One of the things I’ve been struggling to get my head around in React is passing data down through components easily. When I talk about this, I don’t mean setting a single value in state and passing it down to the relevant component through props, I mean fetching data from a third party API, and looping through it to show results.

For example:

Looking at this endpoint from the Github API:
(I like to use Postman to view results from an API call rather than curl in the command line – It is an API development environment, so can be used for much more, but I like how it saves my history).

When we fetch this in React it returns an object full of JSON data that we then set as state (Fetching data from an API is an entire topic on its own, see further info at the bottom for an excellent video from Jack Franklin on how to do this). We can then pass this state down to our child component using props.

In App.js we would have:

<IssuesTable githubData={this.state.githubData}/>
// this.state.githubData being the JSON data we set as state

In our child component we would then receive the data as Props from within our render method.

In ChildComponent.js we would have:

class IssuesTable extends Component {
   render() {
      const { githubData } = this.props;
      return ();

* Note: const { githubData } = this.props;  is using the new ES6 destructuring syntax. See notes at the end for more information.

Our data, original saved as state, now passed as Props

If we take a look at the React panel in Chrome DevTools, we can see that our data is now being passed down to our child component as Props.

So far so good…

When we look at what is being passed down though, it becomes clear pretty quickly that in order to display this data in a tabular way, we are going to have to loop through and output each array item as a table row.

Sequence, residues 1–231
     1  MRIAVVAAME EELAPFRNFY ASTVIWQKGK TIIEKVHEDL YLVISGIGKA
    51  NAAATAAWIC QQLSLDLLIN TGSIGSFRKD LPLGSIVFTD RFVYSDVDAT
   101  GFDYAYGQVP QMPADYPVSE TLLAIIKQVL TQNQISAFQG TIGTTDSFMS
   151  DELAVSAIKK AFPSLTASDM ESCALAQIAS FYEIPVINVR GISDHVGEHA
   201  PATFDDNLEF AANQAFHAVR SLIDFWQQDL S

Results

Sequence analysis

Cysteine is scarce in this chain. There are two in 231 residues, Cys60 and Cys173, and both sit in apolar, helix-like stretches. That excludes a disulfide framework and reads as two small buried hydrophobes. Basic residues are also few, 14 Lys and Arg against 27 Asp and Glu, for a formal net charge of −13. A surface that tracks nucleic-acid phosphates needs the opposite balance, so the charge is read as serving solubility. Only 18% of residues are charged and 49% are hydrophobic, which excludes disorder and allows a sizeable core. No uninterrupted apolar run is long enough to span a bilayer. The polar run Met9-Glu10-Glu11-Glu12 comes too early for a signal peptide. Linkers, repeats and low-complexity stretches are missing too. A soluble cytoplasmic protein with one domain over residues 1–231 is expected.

At this point you would be forgiven for thinking that you could loop through the data and output each row using either a for or foreach loop. But before we can do that we first have to assign keys to the data so that we could access it within our loop. To start with I thought this would be a simple case of using the .map() function to assign each row its own key. something similar to this:

{, i)=>(
   <li key={i}>

I kept hitting this error:

TypeError: is not a function

This is because, although Chrome Dev Tools lists the data in Props as an array, at the moment it is still an object containing JSON data (this took me quite a while to realise) and therefore the map function will not work yet.

Enter Object.keys()

What this does is, return an array of data where the elements keys are all strings that match the data within the JSON object. For example:

let user = {
   name: kirsty
   age: nevermind

Would be Object.keys(user) = [name, age].

Looking at the data in githubData, the Object.keys would be all of the items shown inside githubData[0] above.

So now we have access to the data, all that is left is to loop through it so that we can create a table of github issues. And to do that we would combine Object.keys() and .map() and pass the information we need to a new component via props like this:

{Object.keys(githubData).map(key => (
   <Issue key={key} details={githubData[key]} />

It looks like there is a lot going on here but if we break it down, we are first taking the Props githubData and creating keys that are strings matching the data within. For example keys would now include title, state, url etc.

The .map()function then creates a new array with these strings as the keys and then for each key that exists, loops through and assigns the key and value to the props key and details for use inside the <Issue /> child component.

We could then display the data inside the <Issue /> component like this:

class Issue extends Component {
   render() {
      // details is all the githubdata coming from the details prop above
      const { details } = this.props;

      return (

Magic! 🙂

Further Reading